When living off the state is inculcated as an entitlement, it severs the thread that links citizens’ needs with their satisfaction. At the core of this malaise is the acceptance of an entitlement to consume the production and wealth of others: someone, after all, must have produced the food, clothes and other accoutrements of life in the body. A massive transfer of wealth must implicitly be taking place – whether or not acknowledged as such.
Note that the “state” is not that someone. The state, as such, can no more satisfy your day-to-day economic requirements than it can trade or act in any coherent, intelligible manner. The tax system is conventionally regarded as the wealth-equalisation agency, but in this time of hyperinflation, when the state is the chief victim of its own misguided policies, sums raised in taxes are insufficient to meet the demands of structured dependency, and recourse to borrowing is unavoidable.
Ironically, there is little difference between taxing and borrowing when (i) the former is indiscriminate and lacks any reference to sense or principle; and (ii) public borrowing is secured on, say, 10-year Treasury Bonds that will be refinanced or redeemed, if at all, in money with precious little purchasing power. They are equally guilty of robbing the population.
Leadership blindness is not “transitory”
One has to marvel at the sheer dumbness of incumbents in Threadneedle Street and Downing Street who last year proclaimed that inflationary pressures they had spent a decade stoking up were merely “transitory”. Instead of registering that their policy of suppressing interest rates while flooding the economy with counterfeit money was bound to usher in a wave – no, a tsunami – of inflation, they persisted with it anyway. Their narrative was standard piffle: since inflation was “externally” generated by temporary supply chain disruption, allowing interest rates to rise would damage demand – the ever-invoked Keynesian demigod. They couldn’t see what was staring them in the face: that Covid-driven state-funded largesse had created boundless pent-up demand, just waiting to explode when the lockdowns ended.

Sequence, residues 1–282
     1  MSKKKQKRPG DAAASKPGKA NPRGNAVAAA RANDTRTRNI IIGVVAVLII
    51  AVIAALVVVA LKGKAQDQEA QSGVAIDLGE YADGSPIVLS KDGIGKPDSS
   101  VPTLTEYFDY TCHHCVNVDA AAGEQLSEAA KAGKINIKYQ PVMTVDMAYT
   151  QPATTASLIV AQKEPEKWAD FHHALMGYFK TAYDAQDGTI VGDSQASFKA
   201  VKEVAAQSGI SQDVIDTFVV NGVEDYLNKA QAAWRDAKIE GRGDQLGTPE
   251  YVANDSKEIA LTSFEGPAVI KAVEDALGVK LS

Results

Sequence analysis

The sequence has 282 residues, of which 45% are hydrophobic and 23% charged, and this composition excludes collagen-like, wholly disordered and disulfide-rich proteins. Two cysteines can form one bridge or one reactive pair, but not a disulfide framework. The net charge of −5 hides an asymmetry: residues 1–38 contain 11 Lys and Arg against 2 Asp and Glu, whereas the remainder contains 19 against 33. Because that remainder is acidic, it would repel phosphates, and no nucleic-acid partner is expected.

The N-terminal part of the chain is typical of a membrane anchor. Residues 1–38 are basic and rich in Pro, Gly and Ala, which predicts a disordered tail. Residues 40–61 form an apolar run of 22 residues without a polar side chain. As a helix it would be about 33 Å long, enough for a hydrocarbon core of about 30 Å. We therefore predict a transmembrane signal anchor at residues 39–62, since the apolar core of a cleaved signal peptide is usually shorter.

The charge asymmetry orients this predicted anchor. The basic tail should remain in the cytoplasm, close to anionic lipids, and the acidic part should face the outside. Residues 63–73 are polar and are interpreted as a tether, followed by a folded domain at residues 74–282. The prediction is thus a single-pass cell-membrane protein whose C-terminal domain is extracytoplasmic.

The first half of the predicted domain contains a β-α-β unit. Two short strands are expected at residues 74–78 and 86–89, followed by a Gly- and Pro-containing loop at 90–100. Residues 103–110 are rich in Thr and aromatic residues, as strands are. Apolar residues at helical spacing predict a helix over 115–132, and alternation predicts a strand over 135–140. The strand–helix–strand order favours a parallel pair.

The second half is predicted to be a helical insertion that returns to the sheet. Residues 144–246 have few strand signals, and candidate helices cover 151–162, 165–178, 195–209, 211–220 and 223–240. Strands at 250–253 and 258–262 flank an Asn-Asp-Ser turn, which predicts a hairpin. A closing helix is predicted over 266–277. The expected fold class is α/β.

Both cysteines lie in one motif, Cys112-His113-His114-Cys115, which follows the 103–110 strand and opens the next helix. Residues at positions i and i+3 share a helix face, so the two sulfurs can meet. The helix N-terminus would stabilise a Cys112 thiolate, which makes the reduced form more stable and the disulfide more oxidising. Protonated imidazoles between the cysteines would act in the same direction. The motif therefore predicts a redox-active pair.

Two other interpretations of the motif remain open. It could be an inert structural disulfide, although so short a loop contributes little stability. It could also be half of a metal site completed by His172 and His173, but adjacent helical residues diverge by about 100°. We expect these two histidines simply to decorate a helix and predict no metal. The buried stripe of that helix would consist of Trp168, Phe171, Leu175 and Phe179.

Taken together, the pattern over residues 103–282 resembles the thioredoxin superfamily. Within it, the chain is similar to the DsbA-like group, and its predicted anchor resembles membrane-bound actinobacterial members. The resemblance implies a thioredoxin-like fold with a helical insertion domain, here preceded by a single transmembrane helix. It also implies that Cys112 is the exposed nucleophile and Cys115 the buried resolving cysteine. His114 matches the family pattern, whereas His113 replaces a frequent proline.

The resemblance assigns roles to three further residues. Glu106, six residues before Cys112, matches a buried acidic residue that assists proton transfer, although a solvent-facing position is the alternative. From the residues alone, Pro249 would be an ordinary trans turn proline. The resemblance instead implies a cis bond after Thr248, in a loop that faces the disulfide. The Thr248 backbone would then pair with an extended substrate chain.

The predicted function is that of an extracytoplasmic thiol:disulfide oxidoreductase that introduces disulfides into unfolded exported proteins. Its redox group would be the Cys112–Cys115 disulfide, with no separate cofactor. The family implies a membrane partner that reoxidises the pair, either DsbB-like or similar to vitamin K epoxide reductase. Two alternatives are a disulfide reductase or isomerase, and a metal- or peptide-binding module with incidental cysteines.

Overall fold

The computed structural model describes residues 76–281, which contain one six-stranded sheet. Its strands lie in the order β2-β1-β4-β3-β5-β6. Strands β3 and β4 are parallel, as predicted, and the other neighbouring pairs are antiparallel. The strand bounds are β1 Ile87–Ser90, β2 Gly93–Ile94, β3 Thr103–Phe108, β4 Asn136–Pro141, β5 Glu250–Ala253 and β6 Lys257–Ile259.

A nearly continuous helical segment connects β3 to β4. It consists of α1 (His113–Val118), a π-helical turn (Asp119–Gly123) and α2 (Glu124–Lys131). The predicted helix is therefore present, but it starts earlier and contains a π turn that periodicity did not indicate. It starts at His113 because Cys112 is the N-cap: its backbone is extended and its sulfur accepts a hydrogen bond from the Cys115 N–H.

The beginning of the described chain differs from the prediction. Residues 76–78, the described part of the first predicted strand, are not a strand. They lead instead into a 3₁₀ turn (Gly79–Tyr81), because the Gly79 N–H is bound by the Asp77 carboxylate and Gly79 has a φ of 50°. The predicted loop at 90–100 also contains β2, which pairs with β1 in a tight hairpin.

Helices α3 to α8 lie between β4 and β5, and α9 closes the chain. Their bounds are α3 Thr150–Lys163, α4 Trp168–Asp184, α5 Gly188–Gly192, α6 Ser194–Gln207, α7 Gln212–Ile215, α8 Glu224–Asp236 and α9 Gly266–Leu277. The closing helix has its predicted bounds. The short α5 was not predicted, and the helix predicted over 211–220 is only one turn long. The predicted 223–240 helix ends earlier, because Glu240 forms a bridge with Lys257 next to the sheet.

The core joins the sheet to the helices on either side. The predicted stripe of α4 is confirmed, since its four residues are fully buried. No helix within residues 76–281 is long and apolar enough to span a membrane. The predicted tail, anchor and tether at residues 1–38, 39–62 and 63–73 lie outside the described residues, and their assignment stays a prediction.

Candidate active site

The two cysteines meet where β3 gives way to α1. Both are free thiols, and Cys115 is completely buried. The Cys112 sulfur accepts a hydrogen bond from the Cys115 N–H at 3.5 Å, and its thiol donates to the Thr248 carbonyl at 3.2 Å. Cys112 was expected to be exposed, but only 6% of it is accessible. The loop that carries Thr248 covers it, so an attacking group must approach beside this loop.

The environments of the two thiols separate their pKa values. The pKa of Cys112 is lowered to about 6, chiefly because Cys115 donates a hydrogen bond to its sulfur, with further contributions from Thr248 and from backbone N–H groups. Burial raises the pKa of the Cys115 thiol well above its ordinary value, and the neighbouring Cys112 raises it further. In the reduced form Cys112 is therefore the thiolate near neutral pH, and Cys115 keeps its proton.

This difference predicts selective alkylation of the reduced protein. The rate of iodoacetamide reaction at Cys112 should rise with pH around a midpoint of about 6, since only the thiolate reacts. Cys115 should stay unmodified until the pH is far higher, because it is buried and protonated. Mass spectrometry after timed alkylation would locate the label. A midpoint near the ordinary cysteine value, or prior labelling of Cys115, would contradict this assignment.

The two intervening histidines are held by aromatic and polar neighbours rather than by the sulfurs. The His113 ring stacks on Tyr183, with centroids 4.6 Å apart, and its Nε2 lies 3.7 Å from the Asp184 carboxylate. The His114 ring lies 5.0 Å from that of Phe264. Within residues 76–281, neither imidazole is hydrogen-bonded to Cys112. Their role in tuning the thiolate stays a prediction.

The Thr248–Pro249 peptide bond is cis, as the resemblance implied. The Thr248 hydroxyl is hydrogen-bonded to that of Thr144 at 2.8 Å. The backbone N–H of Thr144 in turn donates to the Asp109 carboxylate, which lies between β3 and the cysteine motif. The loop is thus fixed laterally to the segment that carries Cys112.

But no, they opined, the hike in inflation was “transitory” and would soon recede to its targeted rate of around 2 per cent annually. Yet, just as occurred in 2009, their posturing was shown to be just plain wrong. The tragedy is therefore that they will do it again. For them, their failed methodology is the only game in town.
We have been shown, yet again, that the Bank of England’s supposed mantle of independence is the merest negligee – scarcely hiding its actual role as arm of fiscal policy, dutifully buying up the debt representing the finance costs of government’s Covid largesse – showing how readily “imported” inflation morphs into the domestic variety.
The regulatory bandwagon
There’s more. Expansion of the state’s role feeds on itself and its sense of self-importance “rules the rule-book”. Every problem “requires fixing”, no matter how trivial.
Challenges to freedom of contract proliferate – government now controls hiring and firing procedures, holidays, sick pay, maternity pay, number of hours worked, minimum wages, parental leave, flexible working rights, auto-enrolment in private pensions. Is self-employment the answer? Changes in IR35 legislation and age discrimination laws that disincentivise hiring anyone over 50 – they all intervene to the ultimate detriment of firms, their employees and society.
Can you envisage anything more damaging to the real state than to permit the shadow-state to take over control of our fundamental freedoms?